HISTORIC MEETING WITH POPE JOHN PAUL II
CANTORS GO TO ROME!
The JMCA and thirteen Cantors of the association were invited to a special private audience with His Holiness Pope John Paul II in Vatican City on Tuesday, January 18, 2005. Pave The Way Foundation , a non-profit corporation, took this initiative by choosing the JMCA to represent the Jewish Community amongst some 160 Jewish clergy and lay leaders.
The Jewish dignitaries traveled to Rome specifically to recognize and to thank
Pope John Paul II for his efforts during his 26-year pontificate in bringing down the walls of hate, as well as his contribution towards religious reconciliation with the Jewish People and the State of Israel. The Rabbis in attendance recited a special prayer and the Cantors sang a special blessing, the Shehecheyahu, to commemorate this event at the Vatican in Clementine Hall.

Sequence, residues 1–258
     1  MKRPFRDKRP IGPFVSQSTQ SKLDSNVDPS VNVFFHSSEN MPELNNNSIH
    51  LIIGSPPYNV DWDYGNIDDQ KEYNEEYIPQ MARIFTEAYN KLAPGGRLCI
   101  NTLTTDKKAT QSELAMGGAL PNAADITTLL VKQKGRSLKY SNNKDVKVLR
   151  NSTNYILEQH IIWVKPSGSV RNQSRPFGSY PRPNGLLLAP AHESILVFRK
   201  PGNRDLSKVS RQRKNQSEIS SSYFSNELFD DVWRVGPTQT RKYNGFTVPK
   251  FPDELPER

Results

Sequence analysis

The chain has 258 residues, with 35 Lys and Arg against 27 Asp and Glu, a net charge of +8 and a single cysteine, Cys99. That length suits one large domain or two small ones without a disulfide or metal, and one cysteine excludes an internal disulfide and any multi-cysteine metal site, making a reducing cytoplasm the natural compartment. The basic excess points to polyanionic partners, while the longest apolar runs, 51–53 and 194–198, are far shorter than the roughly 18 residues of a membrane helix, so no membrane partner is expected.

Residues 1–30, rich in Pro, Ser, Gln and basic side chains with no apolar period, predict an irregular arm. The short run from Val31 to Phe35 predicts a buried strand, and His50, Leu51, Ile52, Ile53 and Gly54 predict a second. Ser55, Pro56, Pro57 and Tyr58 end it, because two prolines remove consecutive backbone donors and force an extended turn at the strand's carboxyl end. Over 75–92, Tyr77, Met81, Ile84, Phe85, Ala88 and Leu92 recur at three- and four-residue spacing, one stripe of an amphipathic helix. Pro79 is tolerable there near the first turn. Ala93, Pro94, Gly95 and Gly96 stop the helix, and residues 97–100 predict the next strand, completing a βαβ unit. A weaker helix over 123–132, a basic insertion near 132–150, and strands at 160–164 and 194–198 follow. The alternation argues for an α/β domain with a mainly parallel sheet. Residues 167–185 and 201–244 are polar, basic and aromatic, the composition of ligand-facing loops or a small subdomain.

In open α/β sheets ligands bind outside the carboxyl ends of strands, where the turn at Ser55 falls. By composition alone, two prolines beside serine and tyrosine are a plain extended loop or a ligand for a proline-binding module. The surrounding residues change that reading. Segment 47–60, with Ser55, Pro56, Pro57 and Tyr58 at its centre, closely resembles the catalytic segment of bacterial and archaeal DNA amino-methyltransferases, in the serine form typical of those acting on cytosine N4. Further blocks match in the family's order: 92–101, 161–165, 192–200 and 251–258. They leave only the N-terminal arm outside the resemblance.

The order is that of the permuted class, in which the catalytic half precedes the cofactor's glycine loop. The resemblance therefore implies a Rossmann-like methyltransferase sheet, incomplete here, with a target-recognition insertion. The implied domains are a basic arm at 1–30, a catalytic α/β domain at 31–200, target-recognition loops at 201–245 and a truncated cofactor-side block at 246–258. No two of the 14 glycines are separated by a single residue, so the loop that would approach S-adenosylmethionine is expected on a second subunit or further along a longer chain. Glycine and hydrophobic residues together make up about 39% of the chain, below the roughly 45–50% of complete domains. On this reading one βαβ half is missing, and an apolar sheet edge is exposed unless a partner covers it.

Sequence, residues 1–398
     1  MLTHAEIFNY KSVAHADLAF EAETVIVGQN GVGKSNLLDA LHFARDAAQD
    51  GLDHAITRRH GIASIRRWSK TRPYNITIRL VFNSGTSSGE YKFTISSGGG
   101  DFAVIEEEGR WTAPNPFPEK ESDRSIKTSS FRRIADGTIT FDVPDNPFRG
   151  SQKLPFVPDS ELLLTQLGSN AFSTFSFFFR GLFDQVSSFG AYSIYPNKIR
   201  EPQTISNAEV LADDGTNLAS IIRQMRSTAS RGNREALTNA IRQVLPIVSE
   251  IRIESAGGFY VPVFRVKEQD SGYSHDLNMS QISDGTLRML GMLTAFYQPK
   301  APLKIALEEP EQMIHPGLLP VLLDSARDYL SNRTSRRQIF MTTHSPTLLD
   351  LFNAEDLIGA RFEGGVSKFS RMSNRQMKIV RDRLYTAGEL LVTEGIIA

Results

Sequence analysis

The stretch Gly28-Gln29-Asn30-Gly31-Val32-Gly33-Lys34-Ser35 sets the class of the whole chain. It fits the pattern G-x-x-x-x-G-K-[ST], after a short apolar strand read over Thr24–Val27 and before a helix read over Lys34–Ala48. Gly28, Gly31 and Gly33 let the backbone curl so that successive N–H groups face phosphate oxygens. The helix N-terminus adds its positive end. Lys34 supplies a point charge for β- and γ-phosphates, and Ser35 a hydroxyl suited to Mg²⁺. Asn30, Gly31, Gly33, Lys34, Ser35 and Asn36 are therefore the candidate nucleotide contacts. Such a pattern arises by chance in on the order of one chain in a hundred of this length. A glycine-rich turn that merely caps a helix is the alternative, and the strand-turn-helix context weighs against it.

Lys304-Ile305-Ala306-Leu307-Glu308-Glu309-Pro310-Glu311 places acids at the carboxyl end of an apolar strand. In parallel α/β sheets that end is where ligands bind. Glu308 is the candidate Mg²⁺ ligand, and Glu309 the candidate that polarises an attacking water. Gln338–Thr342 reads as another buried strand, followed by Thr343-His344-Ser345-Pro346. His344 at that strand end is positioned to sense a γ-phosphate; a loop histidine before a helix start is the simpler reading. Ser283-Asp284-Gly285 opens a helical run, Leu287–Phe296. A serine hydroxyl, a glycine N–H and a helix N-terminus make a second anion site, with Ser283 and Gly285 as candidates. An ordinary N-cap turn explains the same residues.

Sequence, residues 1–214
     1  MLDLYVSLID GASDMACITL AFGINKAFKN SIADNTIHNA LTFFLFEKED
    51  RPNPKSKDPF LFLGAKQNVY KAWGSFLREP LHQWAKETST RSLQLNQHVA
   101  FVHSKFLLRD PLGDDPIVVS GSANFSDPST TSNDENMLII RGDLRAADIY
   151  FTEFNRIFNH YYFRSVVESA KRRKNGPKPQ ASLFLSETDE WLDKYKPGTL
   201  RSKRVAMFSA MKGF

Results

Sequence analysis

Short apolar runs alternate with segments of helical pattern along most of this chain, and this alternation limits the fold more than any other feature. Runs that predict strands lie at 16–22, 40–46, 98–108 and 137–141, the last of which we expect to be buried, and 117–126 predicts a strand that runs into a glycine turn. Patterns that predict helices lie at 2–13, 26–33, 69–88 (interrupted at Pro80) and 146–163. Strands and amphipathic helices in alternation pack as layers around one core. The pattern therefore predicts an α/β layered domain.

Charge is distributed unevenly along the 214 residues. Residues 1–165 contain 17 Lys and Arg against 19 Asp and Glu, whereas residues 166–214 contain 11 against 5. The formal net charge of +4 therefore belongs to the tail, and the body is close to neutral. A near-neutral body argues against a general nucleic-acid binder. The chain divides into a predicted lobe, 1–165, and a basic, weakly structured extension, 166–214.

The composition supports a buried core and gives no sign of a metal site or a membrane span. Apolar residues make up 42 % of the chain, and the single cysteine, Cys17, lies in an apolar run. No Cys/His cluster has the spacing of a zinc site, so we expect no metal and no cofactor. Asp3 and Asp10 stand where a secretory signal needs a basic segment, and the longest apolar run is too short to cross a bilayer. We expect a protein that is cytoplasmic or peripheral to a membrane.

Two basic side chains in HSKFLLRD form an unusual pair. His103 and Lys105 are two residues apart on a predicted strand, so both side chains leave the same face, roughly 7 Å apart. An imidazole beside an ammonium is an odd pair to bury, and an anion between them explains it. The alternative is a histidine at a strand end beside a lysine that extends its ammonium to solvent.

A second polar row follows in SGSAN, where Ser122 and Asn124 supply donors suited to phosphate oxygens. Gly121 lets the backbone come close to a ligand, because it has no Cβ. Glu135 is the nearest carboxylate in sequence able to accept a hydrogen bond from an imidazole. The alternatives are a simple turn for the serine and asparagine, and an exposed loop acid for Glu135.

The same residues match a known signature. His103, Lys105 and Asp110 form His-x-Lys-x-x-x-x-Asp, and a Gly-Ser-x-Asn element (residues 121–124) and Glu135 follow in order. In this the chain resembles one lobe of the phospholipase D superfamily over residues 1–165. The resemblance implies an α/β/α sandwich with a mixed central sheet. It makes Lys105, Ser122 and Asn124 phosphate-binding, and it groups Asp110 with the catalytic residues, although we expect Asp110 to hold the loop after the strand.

The group attending this special audience with the Pope was headed by
Mr. Gary Krupp, President of Pave The Way Foundation along with Oded Ben-Hur, Israeli Ambassador to the Holy See; Amire Ofek, Israeli Consul for Media in New York; Rabbi Adam Mintz, President of the New York Board of Rabbis; Rabbi Samuel Rene Sirot, Past Chief Rabbi of Europe and France; Rabbi David Lincoln, Chief Rabbi of the Park Avenue Synagogue, New York; Rabbi Shlomo Riskin, Chief Rabbi of Efrat, Jerusalem; Rabbi Joseph Arbib of the Great Synagogue in Rome and Gadi Golan, former Director of Religious Affairs for the Israel Foreign Ministry.